Lillehammer hosts a number of winter sporting events annually. (Getty Images)
(ATR) After Oslo’s 2022 demise due to financial concerns, Lillehammer 2016 YOG organizers deny their event is costing too much for taxpayers.
understands that the YOG organizing committee is asking the Norwegian government for an extra $2.7 million to fund its nationwide engagement program targeting 20,000 youngsters.
The government has agreed to find the extra cash to deliver on the YOG legacy commitment. But it has yet to be ratified by parliament. A decision comes in June.
YOG 2016 president Siri Hatlen tells Around the Rings
that the event is not going over budget.
“We are keeping the cost level described in the bid,” she said.
“We experience a wholehearted support of the government, remembering their unanimous support to this project, proven by this proposal from the minister of culture.
The last Youth Olympics Games was held in Nanjing last August. (Getty Images)
“We and they do not see the YOG as an event of 10 days, but as an integrated part of the 10-year plan to develop youth sport in Norway and give youth across sports, culture and education opportunities to develop and learn,” Hatlen added, by way of explaining why the additional finances are called for.
Hatlen said the extra money “makes us able to deliver games and an Olympic legacy according to the ambitions in our bid."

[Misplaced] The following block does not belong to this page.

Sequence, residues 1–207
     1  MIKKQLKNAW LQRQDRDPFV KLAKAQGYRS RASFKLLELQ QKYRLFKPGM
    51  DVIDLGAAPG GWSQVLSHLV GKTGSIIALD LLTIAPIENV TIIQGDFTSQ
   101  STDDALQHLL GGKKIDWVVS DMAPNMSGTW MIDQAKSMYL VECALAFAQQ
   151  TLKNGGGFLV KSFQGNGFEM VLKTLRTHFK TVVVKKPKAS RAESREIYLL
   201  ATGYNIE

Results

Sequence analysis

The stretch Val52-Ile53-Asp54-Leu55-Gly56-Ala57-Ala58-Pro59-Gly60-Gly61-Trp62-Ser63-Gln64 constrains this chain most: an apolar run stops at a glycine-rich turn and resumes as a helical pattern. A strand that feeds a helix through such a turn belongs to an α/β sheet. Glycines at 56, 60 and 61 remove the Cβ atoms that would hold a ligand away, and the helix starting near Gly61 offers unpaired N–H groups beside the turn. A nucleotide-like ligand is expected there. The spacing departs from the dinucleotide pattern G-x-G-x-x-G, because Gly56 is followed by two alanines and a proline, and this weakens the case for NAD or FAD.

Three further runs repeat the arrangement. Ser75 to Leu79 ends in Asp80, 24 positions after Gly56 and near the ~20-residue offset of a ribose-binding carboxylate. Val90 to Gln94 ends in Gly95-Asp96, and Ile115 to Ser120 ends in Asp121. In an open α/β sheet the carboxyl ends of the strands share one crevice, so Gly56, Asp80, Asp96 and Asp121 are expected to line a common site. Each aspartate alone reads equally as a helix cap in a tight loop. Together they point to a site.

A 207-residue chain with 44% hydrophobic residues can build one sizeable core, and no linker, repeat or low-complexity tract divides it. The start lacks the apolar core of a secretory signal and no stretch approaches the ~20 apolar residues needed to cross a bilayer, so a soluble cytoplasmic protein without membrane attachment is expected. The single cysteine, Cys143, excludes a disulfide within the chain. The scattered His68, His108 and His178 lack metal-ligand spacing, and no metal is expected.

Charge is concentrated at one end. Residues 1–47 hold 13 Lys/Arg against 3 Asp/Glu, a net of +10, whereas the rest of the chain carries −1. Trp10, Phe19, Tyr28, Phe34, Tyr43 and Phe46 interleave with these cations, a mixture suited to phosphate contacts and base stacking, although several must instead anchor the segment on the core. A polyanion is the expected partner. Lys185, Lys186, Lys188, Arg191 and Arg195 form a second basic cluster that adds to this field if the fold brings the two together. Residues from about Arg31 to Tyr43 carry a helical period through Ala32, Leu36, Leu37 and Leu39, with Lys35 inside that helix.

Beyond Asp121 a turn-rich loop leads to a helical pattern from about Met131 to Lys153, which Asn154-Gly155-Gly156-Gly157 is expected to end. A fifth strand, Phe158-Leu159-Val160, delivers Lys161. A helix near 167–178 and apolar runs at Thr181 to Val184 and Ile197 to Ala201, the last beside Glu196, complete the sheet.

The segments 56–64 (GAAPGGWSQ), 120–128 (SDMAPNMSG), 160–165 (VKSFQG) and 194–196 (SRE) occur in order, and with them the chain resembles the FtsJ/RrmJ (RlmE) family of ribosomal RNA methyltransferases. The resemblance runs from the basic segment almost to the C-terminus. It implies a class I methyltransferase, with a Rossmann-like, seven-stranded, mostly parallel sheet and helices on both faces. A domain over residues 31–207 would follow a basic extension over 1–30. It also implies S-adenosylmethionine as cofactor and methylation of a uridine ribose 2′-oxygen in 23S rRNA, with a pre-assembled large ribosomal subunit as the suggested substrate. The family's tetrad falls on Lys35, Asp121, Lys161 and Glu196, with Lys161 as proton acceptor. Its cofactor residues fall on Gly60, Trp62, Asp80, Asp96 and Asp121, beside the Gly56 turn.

Lillehammer 2016 has had “a very strong project management and structured cost control” since the preparations launched in 2012, she insisted.
“However, as highlighted by the external audit of the bid, the income ambitions in the bid were too ambitious, and we have now adjusted them according to our current experience.
“By compensating part of this income loss, the minister will ensure we will be able to host the games according to the ambitions set by the parliament in the bid,” she explained.
Oslo may return with a 2026 Olympic bid. (Getty Images)
News of the demand for extra government cash for Lillehammer 2016 comes in the wake of Oslo’s disastrous Winter Olympic bid. The city crashed out of the 2022 bidding contest last autumn after failing to secure Norwegian government support amid concerns over the costs of the Games and IOC demands placed on Olympic hosts.
Last month, IOC member Gerhard Heiberg told ATR
that Norway may run for the 2026 Winter Olympics after all. In December, he had said Oslo’s 2022 collapse had wrecked any chance of the city returning with a tilt at those Games.
“We are all of the opinion that first we have to organize the 2016 Youth Olympic Winter Games in February 2016,” Heiberg told ATR
a few weeks ago.
“After that we can discuss whether we should participate in the competition for 2026 Winter Games.”
Applications for the 2026 Olympics are not due with the IOC until 2017.
Reported by Mark Bisson
For general comments or questions, click here.
20 Years at #1: Your best source of news about the Olympics is AroundTheRings.com, for subscribers only.